Conscientious objection and desertion in Eritrea
Eritrea is the focus of this years' Prisoners for Peace Day - 1 December. Eritrea is one of the few countries with an extensive conscription system for men and women. In fact, military training is an integral part of the education system, with the last school year being “served” at the military training camp. In addition, military service doesn't end – all those recruited in the last few years are still serving, unless they deserted and are presently in hiding or fled the country.
“Arbitrary detention, torture, deployment at the front line, forced labour – all without any hearing – have been common ways to punish deserters and objectors. ... Furthermore, relatives of deserters are threatened to push their children to send them to their units”, said Abraham Gebreyesus Mehreteab from the Eritrean Antimilitarism Initiative in a statement to the United Nations' Human Rights Commission in Geneva in April this year. Only a few months later, Amnesty International reported the arrest of hundreds of relatives of deserters and draft evaders. “Those arrested were the fathers, mothers or other relatives of men or women over the age of 18 who have either failed to report for national service since 1994, failed to attend the compulsory final school year at Sawa military training camp, abandoned their army unit, or left the country illegally”, wrote Amnesty International in an urgent action on 28 July 2005.
War Resisters' International is working with the Eritrean Antimilitarism Initiative and other groups to support conscientious objectors in Eritrea. As part of this work, we produced an English language version of a documentation on conscientious objection and desertion in Eritrea (available on our website), and asked Abraham Gebreyesus Mehreteab to address the United Nations' Human Rights Commission on WRI's behalf. The focus on Eritrea for this years' Prisoners for Peace Day is another step in this ongoing effort to highlight the situation in Eritrea.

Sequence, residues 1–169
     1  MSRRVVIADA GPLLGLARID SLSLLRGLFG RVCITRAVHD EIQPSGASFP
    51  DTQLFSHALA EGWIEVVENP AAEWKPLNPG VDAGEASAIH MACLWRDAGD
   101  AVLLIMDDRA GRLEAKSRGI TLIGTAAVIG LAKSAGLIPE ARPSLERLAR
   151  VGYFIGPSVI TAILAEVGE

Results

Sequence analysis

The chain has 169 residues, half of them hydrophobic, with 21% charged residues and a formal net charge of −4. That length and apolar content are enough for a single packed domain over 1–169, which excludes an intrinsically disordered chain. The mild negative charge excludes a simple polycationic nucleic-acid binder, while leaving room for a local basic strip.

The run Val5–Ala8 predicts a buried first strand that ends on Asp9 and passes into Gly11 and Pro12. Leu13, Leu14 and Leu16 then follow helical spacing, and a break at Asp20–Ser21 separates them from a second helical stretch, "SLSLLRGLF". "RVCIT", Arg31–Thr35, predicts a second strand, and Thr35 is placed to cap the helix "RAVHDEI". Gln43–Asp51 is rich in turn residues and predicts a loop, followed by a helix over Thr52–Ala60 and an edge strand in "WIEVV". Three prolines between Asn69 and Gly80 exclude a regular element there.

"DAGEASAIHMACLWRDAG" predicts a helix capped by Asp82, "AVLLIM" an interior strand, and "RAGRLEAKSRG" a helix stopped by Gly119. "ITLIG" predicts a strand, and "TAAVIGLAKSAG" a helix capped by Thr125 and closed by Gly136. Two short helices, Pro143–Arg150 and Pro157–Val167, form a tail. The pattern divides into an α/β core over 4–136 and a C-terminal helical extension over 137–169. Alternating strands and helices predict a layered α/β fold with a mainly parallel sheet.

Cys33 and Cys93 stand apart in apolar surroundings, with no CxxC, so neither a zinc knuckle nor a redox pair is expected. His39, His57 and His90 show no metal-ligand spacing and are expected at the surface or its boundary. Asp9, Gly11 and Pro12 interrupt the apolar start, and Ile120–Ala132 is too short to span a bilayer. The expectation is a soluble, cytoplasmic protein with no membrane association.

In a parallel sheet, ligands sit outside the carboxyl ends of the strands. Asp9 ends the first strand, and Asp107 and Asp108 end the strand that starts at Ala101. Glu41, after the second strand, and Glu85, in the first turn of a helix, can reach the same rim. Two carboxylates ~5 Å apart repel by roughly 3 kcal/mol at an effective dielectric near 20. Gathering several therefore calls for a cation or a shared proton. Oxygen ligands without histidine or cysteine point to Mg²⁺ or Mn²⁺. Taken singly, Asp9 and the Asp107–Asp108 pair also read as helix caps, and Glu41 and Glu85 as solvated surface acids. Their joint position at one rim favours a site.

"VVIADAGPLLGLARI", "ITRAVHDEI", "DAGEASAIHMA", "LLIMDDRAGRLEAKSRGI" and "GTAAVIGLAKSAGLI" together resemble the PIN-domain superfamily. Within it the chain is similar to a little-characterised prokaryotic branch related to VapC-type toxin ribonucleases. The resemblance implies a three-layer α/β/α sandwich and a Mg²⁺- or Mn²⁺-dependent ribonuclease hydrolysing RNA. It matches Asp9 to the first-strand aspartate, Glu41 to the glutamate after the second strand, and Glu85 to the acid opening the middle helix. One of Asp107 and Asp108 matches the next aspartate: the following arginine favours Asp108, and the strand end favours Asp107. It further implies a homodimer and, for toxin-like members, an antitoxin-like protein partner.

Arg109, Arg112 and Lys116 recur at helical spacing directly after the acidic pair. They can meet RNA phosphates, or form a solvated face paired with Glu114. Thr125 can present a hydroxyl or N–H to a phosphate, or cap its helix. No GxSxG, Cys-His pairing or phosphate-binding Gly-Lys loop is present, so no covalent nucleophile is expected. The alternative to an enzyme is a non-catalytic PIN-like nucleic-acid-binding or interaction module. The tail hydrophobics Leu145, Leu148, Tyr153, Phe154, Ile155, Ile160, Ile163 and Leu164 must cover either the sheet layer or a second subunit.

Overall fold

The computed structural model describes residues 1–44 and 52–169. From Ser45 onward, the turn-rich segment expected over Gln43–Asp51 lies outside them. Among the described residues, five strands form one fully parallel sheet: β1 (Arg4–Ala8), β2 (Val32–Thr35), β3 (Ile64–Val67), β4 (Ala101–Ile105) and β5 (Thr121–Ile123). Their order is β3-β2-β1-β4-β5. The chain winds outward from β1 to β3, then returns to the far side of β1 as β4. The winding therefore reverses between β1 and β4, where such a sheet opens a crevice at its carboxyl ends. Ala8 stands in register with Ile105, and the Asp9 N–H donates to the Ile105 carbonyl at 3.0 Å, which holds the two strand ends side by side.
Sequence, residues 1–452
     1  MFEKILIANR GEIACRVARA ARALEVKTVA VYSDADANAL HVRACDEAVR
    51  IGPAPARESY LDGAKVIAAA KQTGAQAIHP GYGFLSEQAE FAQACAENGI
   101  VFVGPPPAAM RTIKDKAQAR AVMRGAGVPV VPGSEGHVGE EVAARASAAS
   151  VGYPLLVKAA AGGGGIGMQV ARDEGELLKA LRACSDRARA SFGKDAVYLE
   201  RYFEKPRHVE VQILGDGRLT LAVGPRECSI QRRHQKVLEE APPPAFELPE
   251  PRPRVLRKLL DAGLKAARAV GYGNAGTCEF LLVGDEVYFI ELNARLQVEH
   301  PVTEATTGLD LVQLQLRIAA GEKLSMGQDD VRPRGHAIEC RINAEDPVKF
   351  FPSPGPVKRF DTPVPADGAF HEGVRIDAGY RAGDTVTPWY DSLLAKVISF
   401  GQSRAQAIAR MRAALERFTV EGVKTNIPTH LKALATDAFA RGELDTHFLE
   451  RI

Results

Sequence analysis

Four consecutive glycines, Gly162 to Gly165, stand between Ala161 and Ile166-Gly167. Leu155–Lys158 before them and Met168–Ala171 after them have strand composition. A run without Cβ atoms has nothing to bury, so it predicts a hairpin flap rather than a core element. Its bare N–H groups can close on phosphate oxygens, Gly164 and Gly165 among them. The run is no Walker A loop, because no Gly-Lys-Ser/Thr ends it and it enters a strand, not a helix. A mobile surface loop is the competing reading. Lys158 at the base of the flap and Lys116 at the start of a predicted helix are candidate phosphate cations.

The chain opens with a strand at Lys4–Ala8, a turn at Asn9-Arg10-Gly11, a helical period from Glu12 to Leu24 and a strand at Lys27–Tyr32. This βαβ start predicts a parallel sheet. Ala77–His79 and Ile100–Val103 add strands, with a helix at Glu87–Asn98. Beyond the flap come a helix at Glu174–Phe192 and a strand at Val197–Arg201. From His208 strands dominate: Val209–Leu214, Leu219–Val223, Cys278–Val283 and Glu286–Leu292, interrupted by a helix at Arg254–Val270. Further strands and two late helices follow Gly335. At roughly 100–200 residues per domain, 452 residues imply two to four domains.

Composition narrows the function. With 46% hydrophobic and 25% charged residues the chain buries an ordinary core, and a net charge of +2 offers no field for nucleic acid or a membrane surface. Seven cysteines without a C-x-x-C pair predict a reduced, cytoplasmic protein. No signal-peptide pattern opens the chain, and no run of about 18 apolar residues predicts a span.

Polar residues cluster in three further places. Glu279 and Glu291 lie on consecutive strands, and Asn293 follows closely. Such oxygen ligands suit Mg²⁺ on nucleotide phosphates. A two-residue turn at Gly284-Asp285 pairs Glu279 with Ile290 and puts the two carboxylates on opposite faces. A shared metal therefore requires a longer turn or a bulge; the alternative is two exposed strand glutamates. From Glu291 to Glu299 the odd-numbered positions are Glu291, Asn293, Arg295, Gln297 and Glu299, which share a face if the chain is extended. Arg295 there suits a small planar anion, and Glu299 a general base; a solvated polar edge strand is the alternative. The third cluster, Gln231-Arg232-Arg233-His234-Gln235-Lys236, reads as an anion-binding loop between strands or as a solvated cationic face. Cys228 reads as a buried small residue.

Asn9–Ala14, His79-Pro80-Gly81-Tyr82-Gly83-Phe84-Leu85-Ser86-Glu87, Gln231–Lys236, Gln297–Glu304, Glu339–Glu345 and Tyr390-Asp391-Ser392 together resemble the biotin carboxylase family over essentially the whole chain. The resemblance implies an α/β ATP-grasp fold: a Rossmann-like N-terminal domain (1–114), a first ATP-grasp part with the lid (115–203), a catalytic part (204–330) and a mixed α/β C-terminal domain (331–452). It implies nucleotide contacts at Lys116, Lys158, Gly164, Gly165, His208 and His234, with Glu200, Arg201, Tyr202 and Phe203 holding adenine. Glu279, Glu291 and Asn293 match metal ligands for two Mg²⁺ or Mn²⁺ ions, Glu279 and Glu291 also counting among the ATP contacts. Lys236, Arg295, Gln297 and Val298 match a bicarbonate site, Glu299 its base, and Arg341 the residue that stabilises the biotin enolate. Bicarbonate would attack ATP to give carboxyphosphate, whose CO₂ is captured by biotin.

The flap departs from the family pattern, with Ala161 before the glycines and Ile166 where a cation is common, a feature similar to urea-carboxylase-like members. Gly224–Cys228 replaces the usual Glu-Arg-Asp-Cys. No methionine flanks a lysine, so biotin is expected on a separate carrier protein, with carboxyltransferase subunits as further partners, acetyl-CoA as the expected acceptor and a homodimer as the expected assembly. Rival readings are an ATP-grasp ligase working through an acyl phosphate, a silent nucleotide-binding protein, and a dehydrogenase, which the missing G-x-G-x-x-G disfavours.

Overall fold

We ask you to support our efforts to support Eritrean objectors and deserters. Take some time on 1 December – Prisoners for Peace Day – to write letters to prisoners (see the list in the special edition of The Broken Rifle). Ask for extra copies of the Broken Rifle for distribution among your friends, or in your local peace group. And – for us to be able to continue our work – give generously to support WRI's work in support of Eritrean objectors and deserters, and for Prisoners for Peace.
- On 1 December, put aside at least one hour and write at least four cards to prisoners;
- Get your peace group or class or meeting place to organise a card-writing session;
- Set up a stall in your town centre, perform a bit of street theatre, or do whatever else it takes to attract attention and interest.
- Always send your card in an envelope;
- Include a return name and address on the envelope;
- Be chatty and creative: send photos from your life, drawings;
- Tell prisoners what you are doing to stop war and war preparations;
- Don't write anything that might get the prisoner into trouble;
- Think about the sort of thing you'd like to receive if you were in prison;
- Don't begin, "You are so brave, I could never do what you have done";
- Don't expect the prisoner to reply;
- Remember -- next year it could be you ...